Debt Forgiveness

In a world stricken by economic and health crises (like those created by the COVID-19 virus these days, for instance), generous people and organizations will often step up and help out those without the resources to get through.

Sometimes, this takes the form of donations (whether money, food, or other provisions), but other times, it looks like canceling debt (whether past or present).  For instance, a creditor tells a person or organization that they don’t have to pay a bill, whether delaying it for a while, or freeing the debtor from ever having to pay it back.  Or, a landlord tells tenants that they don’t have to pay rent while out of work.1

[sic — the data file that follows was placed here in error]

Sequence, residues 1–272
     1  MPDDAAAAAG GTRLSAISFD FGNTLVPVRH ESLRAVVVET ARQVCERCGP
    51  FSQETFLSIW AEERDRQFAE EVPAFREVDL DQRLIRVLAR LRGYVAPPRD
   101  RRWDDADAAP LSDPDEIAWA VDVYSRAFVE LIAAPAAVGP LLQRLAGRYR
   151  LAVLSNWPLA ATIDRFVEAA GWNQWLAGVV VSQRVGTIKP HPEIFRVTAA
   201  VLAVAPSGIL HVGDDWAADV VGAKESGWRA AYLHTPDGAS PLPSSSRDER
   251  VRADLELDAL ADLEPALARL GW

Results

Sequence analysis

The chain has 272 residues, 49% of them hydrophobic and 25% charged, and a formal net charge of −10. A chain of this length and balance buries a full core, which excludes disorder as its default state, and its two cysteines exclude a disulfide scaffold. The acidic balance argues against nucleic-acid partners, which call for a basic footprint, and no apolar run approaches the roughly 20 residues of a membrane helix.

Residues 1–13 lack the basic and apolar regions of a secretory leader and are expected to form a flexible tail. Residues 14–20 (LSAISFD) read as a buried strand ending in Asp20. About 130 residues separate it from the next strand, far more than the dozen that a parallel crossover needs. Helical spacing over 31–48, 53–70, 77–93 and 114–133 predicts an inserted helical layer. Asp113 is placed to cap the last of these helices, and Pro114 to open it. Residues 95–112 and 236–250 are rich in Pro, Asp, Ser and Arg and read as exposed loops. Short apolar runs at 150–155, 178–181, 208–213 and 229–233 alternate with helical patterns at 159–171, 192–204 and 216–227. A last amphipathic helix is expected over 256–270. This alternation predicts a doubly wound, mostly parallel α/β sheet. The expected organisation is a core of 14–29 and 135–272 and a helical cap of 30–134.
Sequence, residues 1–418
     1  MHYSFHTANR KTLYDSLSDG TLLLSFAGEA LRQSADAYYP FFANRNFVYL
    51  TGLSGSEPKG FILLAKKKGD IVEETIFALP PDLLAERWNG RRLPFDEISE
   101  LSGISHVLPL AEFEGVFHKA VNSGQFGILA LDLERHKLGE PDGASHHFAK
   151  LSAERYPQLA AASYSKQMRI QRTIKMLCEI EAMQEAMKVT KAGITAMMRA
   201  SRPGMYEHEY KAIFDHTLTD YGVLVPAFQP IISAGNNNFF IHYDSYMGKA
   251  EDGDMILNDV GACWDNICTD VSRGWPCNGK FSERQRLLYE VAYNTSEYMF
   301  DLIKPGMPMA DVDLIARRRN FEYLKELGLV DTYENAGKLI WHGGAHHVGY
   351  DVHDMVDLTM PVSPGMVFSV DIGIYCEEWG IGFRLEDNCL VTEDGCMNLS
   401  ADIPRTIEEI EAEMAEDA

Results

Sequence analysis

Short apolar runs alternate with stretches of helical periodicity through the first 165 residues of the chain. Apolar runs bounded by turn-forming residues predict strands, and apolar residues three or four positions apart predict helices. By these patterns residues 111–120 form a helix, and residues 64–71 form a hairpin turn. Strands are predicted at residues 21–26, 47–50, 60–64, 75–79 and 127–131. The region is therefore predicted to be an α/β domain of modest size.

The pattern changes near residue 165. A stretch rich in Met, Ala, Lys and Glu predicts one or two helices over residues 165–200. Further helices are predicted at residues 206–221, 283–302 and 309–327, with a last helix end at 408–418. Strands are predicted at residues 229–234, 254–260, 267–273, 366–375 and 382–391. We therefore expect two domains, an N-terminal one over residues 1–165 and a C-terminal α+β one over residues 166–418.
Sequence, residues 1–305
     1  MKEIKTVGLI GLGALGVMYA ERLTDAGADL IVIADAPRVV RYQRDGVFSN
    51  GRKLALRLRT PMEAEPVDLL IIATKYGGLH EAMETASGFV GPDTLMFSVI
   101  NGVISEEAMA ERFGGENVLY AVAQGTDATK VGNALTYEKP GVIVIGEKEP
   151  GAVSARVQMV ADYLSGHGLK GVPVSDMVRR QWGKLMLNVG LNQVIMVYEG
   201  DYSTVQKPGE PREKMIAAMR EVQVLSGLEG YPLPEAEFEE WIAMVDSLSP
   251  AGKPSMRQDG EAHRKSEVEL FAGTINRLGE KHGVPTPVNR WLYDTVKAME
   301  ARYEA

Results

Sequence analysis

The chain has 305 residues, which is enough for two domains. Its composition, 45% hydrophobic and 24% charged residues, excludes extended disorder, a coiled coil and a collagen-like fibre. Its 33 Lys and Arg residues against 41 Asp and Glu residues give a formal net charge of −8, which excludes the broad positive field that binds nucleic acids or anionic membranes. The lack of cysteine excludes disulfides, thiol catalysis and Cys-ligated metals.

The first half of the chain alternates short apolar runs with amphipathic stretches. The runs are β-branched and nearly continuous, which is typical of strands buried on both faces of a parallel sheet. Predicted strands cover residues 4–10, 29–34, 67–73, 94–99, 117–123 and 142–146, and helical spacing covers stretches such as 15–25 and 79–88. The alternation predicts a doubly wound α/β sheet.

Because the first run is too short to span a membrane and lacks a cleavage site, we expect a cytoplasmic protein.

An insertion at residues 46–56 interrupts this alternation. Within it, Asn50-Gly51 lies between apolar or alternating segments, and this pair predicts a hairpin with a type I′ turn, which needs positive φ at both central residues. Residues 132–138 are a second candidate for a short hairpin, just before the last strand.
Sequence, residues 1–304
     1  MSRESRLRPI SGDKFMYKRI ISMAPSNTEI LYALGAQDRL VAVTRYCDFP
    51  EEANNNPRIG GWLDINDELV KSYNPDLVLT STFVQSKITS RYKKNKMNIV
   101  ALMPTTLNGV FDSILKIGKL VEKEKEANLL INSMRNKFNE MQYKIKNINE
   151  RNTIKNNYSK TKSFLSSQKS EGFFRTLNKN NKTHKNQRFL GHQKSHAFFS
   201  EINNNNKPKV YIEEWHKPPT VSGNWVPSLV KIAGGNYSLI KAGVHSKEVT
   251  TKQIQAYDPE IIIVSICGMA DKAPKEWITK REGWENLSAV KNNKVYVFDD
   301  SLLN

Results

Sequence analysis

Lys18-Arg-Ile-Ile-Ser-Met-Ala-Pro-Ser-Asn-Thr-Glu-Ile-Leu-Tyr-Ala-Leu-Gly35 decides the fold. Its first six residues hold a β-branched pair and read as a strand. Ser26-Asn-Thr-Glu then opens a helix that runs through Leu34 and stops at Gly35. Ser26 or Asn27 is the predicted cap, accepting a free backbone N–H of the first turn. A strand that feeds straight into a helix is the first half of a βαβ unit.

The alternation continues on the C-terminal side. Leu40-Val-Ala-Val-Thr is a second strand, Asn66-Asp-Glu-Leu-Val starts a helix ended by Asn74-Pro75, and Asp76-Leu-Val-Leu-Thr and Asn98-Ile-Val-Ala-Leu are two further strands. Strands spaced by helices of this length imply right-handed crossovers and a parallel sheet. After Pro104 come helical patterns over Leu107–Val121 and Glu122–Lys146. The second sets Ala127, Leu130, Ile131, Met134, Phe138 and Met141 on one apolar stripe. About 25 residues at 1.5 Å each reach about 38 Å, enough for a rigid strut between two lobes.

I find this example helpful when considering how God forgives my sins.  We may have memorized the following verse from the illustrative prayer that Jesus taught His disciples, which we call the Lord’s Prayer:

And forgive us our debts,
as we also have forgiven our debtors.

Matthew 6:12 NIV

https://matthew.bible/matthew-6-12

Whether you translate these as “debts”, “sins”, “trespasses”, or “wrongs”, we all need to be forgiven for our sins.  If not, we will have to settle our debts when we pass from this life into the next, and (since “you can’t take it with you”, as some say) our only remaining possession left for us to forfeit will be our soul.  Certainly, this is not the outcome that God wants for any human being that He created, but our choices must be accounted for in the universal balances of right and wrong.